In fact, in most of these stories the kappa are a version of Mizuki’s suffering Everyman: average guys victimized by forces beyond their control, plucky but incompetent. Mizuki emphasizes this by depicting several of the kappa protagonists with makeshift glasses held on with string; this is a detail he uses on some of his more hapless human characters, including the soldiers meant as a stand-in for Mizuki himself in his war tales.

Stories like these are why I love Mizuki so much. Greil Marcus writes of Bob Dylan that his treatment of folk songs and folk themes reveals the “old, weird America” that lives therein; Mizuki understands the old, weird Japan. It’s a dark, dank place of creepy-crawlies, squishy-squirmies, and heebie-jeebies.

And, occasionally, uncanny beauty, like this depiction of the kappa’s desire for a human woman. It's a disturbing image, to be sure (it's the title page to one of the stories, and depicts a mood, not a scene; it's far more sexually explicit than anything in any of the stories). Far more disturbing than it may appear at first: I think the swirl surrounding the figures is meant to suggest they're underwater, meaning the woman is either drowned or under the kappa's spell. It's horrific. But it's other things, as well. Beautiful, because of the way Mizuki (a terrific draftsman, among other things) depicts the curves of the woman's body, the arc of her back and hair, the placidity of her face. And comic, because of the imbalance in size and grace between the woman and the kappa, a small ugly monster. The horror, the beauty, and the humor all reinforce each other, making this a potent representation of a folkloric motif. (And more besides: if the kappa is Everyman, then this is a representation of Everyman's desire for Woman. Taken that way, what does it say about male desire? That it proceeds from something small, grotesque, shameful, and is directed at something great and beautiful? This image is perhaps an analog to the little Screamers Munch put in the corner of his Madonnas.)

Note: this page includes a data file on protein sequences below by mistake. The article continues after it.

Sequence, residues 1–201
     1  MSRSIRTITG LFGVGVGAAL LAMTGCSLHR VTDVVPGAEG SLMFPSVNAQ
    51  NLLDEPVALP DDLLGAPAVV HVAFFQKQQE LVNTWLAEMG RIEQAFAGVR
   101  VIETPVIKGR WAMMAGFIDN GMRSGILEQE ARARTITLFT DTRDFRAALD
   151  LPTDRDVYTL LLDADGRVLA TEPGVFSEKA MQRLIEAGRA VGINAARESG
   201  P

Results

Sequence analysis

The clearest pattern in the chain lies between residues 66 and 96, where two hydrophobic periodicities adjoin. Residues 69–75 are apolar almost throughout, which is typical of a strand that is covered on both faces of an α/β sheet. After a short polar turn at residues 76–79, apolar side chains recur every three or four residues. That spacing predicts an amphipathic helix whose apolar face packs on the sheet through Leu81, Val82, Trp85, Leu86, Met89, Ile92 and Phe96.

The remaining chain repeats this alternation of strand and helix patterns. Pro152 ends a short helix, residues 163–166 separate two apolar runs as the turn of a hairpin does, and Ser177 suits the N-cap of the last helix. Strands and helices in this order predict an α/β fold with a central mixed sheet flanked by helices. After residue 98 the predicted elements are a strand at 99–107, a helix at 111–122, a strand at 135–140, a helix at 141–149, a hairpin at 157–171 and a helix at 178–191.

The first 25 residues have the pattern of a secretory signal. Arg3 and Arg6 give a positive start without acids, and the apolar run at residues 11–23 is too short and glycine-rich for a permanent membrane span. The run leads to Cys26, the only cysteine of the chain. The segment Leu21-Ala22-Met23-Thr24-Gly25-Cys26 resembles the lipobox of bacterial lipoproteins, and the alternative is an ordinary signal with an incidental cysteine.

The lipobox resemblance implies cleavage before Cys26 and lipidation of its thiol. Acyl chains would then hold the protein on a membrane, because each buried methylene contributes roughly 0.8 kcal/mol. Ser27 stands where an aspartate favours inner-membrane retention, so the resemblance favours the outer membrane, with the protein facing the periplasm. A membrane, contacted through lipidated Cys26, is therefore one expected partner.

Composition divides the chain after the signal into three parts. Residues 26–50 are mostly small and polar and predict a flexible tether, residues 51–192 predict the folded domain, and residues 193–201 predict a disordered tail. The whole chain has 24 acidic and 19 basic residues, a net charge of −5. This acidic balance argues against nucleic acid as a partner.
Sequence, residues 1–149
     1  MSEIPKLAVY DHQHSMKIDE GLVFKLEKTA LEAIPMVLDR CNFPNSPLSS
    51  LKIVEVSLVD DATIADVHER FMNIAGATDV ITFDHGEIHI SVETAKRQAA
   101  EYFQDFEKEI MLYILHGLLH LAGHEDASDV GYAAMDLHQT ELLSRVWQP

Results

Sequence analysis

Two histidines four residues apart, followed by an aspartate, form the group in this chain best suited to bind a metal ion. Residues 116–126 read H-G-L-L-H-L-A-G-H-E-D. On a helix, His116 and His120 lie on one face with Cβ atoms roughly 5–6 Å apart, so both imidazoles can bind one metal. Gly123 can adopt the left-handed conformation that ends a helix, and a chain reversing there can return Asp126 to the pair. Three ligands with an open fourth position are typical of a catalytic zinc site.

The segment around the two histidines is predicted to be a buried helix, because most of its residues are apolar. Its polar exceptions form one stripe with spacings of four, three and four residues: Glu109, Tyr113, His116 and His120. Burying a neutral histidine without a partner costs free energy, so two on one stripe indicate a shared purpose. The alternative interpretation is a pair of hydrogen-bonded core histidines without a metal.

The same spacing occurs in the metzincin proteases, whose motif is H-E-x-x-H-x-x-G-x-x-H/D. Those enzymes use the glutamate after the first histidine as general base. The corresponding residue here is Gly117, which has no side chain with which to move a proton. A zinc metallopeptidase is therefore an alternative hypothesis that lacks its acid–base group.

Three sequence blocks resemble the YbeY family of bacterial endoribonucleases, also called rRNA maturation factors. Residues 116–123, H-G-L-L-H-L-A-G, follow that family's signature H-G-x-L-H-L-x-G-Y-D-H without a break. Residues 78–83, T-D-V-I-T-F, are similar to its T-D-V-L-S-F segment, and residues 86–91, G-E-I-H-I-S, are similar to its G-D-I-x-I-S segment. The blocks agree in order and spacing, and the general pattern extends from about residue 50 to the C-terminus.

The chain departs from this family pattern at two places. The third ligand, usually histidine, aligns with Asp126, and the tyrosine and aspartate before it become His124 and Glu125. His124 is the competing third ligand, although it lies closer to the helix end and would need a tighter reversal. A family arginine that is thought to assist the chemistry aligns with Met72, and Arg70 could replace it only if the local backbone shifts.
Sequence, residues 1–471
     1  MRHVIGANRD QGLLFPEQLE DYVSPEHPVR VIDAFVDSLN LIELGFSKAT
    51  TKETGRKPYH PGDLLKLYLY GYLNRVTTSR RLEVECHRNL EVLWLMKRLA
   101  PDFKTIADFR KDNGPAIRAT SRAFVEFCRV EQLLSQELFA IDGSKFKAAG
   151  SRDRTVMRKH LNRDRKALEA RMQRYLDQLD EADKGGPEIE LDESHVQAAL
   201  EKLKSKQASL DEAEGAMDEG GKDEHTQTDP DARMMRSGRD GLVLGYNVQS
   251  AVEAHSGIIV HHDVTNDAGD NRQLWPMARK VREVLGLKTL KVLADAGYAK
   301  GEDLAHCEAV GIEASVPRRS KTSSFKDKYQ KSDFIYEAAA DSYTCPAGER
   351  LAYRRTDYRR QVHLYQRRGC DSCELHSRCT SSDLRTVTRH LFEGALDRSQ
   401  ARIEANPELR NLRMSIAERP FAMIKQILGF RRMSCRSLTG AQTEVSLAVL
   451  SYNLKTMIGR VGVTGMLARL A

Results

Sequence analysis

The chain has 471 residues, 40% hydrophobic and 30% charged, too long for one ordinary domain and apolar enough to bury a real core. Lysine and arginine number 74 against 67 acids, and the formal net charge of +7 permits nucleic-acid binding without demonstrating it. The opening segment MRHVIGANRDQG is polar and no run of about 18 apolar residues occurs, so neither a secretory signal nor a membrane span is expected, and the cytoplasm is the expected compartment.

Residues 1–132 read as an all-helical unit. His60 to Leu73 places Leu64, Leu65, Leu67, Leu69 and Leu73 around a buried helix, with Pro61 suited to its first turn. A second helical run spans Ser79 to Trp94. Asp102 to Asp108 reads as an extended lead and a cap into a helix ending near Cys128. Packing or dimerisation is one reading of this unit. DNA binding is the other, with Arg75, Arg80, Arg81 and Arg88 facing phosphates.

Friday, June 19, 2009

James Bond review: License To Kill (1989)

CUT TO THE CHASE: Originally it was to be titled License Revoked. As it turns out, 007’s license was revoked, after this film; if only it had been revoked before it.

BOND, JAMES BOND: After one very good film with Timothy Dalton in the driver’s seat, the series takes a disastrous wrong turn. As an action film, it’s passable, although not state of the art for 1989; but as a Bond film, it’s awful. So bad that it killed the series.

What went wrong? Just about everything. But mainly, the producers made two bad decisions that pretty much sealed this film’s fate.